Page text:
pulled pork enchiladas

Remember a few weeks ago when I revealed my secrets on how we eat well on the cheap? Well, this dish totally falls into that category. It’s cheap, it’s easy, it’s delicious. Plus, it’s perfect for double batches. Double the recipe, freeze the second pan and save for a rainy day. Or, you know, a tuesday.

I love making enchiladas because they are so adaptable for every season. In the summer I love stuffing them with fresh corn and herbs. In the fall, they’re fun to make with roasted pumpkin. In the winter, sweet potatoes make them scrumptious. Switch up the meat, cheese, and seasonings to make whatever flavor you want, whenever you want.

This particular batch—one of my favorites—uses slow-cooked pulled pork, jack cheese, sweet corn and fresh basil. They’re so summery but warm and comforting at the same time.

Begin with a pork shoulder. They usually range anywhere from 2 1/2 to 4 pounds (boneless), and that’s too much meat for 8 enchiladas. So either plan on making a double batch or using half of the pulled pork for something else.

I would say slice the roast in half and freeze the remainder, or just buy a really small roast, but I’ve never had good luck cooking small amounts of meat in the Crock.

Marinate overnight in enchilada sauce. A word to the wise: the kind of enchilada sauce you use is important. Make sure it’s a brand you know and like since it’s such a dominant flavor in this dish.

After marinating, place in the slow cooker for 8 hours on low.

To assemble the enchiladas you’ll need basil, tortillas (handmade will make all the difference—trust me), corn, sour cream, enchilada sauce, jack cheese, one sweet onion, and a few cloves of garlic.

Begin by mincing the garlic…

…and slicing the onion. I like wedges myself since it’s more fajita-style.

Saute the garlic in a little vegetable oil, then add the onion and saute for a few minutes until the onion just begins to become tender. Remove from heat.

In a large bowl shred half the pork…

…then add the corn (carefully sliced from the cob), chopped basil, and onion mixture.

Toss together.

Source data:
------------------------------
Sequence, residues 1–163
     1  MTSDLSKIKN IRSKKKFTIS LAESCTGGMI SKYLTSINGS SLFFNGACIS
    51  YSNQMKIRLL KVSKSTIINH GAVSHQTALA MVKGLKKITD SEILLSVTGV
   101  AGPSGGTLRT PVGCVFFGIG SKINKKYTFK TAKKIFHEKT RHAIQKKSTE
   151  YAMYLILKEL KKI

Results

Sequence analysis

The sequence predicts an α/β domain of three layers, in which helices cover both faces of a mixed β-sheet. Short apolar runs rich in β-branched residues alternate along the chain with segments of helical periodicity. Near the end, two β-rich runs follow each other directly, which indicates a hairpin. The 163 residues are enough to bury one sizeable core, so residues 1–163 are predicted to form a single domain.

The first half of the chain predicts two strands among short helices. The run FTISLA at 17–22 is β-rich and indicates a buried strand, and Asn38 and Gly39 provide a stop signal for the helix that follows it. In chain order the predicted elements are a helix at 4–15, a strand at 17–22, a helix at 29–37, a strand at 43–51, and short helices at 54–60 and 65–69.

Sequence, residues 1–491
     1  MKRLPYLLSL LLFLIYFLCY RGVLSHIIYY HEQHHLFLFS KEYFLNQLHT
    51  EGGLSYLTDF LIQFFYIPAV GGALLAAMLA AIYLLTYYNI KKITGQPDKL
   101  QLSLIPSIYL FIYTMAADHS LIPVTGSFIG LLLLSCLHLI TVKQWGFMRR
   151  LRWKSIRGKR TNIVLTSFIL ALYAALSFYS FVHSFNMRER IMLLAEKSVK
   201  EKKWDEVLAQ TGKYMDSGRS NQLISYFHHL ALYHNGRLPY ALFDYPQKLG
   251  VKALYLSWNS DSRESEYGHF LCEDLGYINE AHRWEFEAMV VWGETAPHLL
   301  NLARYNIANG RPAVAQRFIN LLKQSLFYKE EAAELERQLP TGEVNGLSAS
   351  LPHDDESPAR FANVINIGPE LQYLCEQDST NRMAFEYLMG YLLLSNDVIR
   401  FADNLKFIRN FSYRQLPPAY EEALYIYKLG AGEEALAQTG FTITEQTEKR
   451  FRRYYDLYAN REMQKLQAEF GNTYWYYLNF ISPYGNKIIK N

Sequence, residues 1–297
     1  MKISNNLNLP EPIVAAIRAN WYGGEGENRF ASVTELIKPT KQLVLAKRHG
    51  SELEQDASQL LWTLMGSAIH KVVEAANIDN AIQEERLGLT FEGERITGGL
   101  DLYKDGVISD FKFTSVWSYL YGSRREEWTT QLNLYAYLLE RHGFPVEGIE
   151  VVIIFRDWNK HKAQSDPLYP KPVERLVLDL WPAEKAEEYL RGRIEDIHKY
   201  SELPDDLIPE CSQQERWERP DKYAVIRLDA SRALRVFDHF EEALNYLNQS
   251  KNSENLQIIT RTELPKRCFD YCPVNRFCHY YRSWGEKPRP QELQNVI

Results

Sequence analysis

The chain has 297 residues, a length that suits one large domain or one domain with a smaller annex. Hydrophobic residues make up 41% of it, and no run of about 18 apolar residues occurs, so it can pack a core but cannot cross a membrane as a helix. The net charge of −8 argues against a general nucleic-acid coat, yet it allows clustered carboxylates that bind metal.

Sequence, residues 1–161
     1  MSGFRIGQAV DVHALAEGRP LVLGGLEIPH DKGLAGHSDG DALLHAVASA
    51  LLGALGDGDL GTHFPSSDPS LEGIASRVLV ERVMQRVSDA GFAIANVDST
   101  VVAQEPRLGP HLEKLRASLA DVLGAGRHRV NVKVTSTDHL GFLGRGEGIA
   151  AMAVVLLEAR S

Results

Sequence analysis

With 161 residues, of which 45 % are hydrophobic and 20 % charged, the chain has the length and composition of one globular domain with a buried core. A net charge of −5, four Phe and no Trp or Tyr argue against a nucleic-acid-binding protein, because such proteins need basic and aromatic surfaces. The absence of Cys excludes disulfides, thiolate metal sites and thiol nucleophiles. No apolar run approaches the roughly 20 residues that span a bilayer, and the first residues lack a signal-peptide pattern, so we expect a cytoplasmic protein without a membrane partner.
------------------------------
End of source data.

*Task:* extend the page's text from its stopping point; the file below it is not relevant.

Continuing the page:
Now here’s a trick that will perk up any enchilada recipe: mix sour cream into the enchilada sauce. It will make it creamier. And dreamier.

Next, shred an unholy amount of cheese. A hill of cheese. Heck, a mountain of cheese. If you like the pre-shredded stuff you obviously don’t like cheese should really consider taking 5 more minutes and shredding a real brick of cheese yourself. I don’t know what they put in those plastic baggies, but I don’t think it’s actually cheese.

Pour one cup of the the enchilada sauce/sour cream mixture into the bottom of a 9×13″ pan, then fill each tortilla with a sprinkle of cheese…

…and a few spoonfuls of the pork filling.

Roll up each tortilla as you go and place in the pan.

Pour the rest of the sauce mixture over the enchiladas…

…and top with the remaining shredded cheese.

Bake. Bask in the heavenly aromas that are wafting from your oven.

Serve topped with sour cream and pico de gallo, if you wish. Or just inhale them right out of the pan. Up to you—no judgment here.

For me, the contrast of the sweet corn and basil against the spicy pork and creamy sauce is just about as good as it gets. I have died and gone to summer enchilada heaven.

Pulled Pork Enchiladas    printable pulled pork heaven

Using quality pork, handmade tortillas and good enchilada sauce makes all the difference in this dish. Plan on either doubling the recipe or finding another use for the other half of the pulled pork. Serves 4-6.

Inactive Prep Time: 1 day                 Active Prep Time: 30 minutes          Cook Time: 35 minutes 

  • 3-4 lb boneless pork shoulder roast (sometimes called “pork butt”)
  • 1 tsp kosher salt
  • 1 28 oz can red enchilada sauce, divided
  • 2 cloves garlic, peeled
  • 1 sweet onion
  • 1 tbsp vegetable oil
  • 2 ears sweet corn, shucked
  • 1 c lightly packed fresh basil leaves
  • salt and pepper to taste
  • 1 16oz container sour cream
  • 8 handmade 9″-10″ flour tortillas
  • 4 c shredded monterey jack cheese
  • pico de gallo, for serving (optional)